Cornell’s first Chinese graduate

Cornell’s first Chinese student was Ruby Sia of Foochow (now Fuzhou), who graduated in 1910. When Sia arrived at Cornell College around 1900, it was a very different school from today. Cornell’s affiliation with the Methodist Church was much closer than today. Sia came to campus because of that religious affiliation. It was also why she made several trips between China and the United States during those 10 years.

Ruby SiaShe was born in Fuzhou in 1884, the daughter of the Rev. Sia Heng-To, a Methodist minister and educator. Her father’s ministry ran a day school, which is where Ruby started her education.

In the late 19th century, China was in the throes of major changes on multiple fronts. One of the biggest of those changes was the country’s transition from traditional Confucian-based education to a Western education based on science. Confucianism had been the foundation of Chinese education for more than 2,000 years. The Four Books and the Five Classics of Confucianism were the basis for the civil service exams, which had been established in the 6th century A.D. Passing the civil service exams meant a bright future not only for the student, but for his descendants in perpetuity. The exams were the only route to social mobility for Chinese peasants.

The Confucian education system faced an existential crisis as a result of the Opium War of 1840-42, when the country was humiliated by the British. Scholars and government officials started to push for educational reforms designed to bring China into the modern world by offering courses in science, technology, and languages.

Not long after the Opium War, the Methodist Church began training and sending missionaries to China. Ruby Sia’s uncle, Sia Sek Ong, abandoned his Confucianism and was ordained a Methodist minister. He became one of the pioneers of the Westernization of Chinese education, and was a major influence on his niece throughout her life. He subsequently visited the United States, where he was given several honorary degrees and met President Grover Cleveland.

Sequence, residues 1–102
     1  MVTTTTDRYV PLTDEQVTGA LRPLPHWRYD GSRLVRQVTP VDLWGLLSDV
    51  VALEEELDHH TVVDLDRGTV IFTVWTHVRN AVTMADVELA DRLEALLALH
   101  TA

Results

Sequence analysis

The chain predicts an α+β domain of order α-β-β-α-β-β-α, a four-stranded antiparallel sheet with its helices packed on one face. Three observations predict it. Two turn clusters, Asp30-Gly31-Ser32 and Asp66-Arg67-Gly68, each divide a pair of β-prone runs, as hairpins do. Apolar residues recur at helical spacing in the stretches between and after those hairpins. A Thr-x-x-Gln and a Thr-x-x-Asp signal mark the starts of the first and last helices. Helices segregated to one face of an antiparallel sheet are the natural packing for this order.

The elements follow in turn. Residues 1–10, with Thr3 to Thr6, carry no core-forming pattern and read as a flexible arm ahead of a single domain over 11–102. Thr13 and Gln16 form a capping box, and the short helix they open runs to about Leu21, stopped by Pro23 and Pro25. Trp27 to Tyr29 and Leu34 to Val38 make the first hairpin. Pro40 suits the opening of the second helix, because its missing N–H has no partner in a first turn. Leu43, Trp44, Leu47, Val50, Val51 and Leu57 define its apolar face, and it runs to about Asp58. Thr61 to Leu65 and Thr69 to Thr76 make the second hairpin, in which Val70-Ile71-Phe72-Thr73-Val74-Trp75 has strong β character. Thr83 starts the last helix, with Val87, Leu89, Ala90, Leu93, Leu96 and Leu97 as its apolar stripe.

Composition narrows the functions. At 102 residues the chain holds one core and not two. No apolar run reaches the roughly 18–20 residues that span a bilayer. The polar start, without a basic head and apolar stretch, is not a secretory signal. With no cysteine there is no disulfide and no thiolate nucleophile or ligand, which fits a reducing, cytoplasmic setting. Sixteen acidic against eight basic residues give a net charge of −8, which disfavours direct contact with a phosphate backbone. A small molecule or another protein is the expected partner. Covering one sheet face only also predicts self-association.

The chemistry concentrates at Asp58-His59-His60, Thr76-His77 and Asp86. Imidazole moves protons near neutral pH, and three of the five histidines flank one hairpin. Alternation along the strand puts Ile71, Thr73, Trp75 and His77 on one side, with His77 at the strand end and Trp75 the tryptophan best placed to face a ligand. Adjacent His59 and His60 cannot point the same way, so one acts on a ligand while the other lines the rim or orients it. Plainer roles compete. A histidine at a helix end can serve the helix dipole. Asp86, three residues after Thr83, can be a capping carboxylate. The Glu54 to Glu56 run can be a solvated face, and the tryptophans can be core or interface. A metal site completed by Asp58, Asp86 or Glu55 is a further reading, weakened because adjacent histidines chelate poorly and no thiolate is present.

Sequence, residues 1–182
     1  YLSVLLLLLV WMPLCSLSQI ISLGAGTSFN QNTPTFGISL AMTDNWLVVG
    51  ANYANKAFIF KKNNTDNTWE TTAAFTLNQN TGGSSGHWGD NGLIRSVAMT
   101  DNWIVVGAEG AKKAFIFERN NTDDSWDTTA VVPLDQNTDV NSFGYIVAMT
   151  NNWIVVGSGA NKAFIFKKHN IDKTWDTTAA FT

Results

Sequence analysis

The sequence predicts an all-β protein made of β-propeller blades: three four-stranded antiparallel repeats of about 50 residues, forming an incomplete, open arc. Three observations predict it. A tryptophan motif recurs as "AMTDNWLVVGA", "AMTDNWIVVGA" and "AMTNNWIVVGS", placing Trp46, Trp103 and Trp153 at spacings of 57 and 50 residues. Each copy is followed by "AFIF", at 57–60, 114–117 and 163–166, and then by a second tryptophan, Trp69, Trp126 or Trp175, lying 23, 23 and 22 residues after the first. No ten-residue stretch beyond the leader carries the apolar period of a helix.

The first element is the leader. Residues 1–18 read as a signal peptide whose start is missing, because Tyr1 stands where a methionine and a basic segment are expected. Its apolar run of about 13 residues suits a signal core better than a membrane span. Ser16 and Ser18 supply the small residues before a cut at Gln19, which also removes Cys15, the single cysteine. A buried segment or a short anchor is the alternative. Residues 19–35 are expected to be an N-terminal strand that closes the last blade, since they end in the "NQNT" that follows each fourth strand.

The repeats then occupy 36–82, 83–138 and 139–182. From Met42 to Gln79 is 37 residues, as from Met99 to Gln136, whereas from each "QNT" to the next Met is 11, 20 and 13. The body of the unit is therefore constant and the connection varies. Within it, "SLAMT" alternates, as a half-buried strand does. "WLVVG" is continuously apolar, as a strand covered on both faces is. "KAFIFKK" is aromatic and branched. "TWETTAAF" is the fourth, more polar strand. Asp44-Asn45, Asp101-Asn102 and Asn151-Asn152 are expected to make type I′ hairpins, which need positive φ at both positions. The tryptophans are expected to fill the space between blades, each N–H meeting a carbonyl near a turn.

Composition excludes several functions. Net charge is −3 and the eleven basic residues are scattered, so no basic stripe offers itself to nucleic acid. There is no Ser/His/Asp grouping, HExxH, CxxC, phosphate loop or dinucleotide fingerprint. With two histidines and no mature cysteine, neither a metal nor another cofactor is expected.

Exactly when Ruby Sia came to Cornell for the first time is unclear. She is listed in the 1900-1901 Cornell catalog as a first-year student in the academy, which was equivalent to a high school. She is listed as a student in the Conservatory of Music from 1901-1903, and in the School of Art in 1904. During those years, she made at least one, and perhaps several, visits back to China.

In a letter sent from China to Cornell Professor James Elliott Harlan, dated Nov. 26, 1904, she mentions her six-week journey to return home, and says, “I have many, many things to tell my people about our Cornell.” Also in the letter, which was sent from the Foochow Seminary where she had just begun teaching girls, she notes, “I have helped them to form a literary society, which is called King’s Society. I named it after the society we have in Cornell.”

The King Society at Cornell was named for William Fletcher King, president of the college from 1863-1908. He was succeeded by his vice president, James Harlan, to whom Sia had written the letter.

On Jan. 28, 1905, Sia sent another letter to Harlan, written in her graceful flowing English script. In it, she said, “I often think of the teachers, students, and friends at Mount Vernon and wish that I could bring you to China, then I would be sure that you would have a different idea about our Chinese people.”

Her picture appears in the 1905 Royal Purple yearbook as a member of the Aonian Literary Society, where she is listed as a member of the Class of 1907.

She disappears from Cornell yearbooks and records until the 1911 Royal Purple, where she is listed as a member of the Class of 1910. The records are confusing, with some conflicting information. A bio sketch of her written in 1936 by Lydia Trimble, the first president of Hwa Nan College where Sia taught for 15 years, indicates she had attended Goucher College in Baltimore for one year, and that she returned to the U.S. at some point to do a year of postgraduate work at Columbia University. There is also a brief reference to a visit Sia made to Mount Vernon in 1918 to receive an honorary master’s degree, but again, the record is incomplete.

Even before she graduated from Cornell, she was being recognized for her role as an advocate for education reform, especially for girls. In 1907, she reported in the proceedings of the Foochow Woman’s Conference of the Episcopal Methodist Church: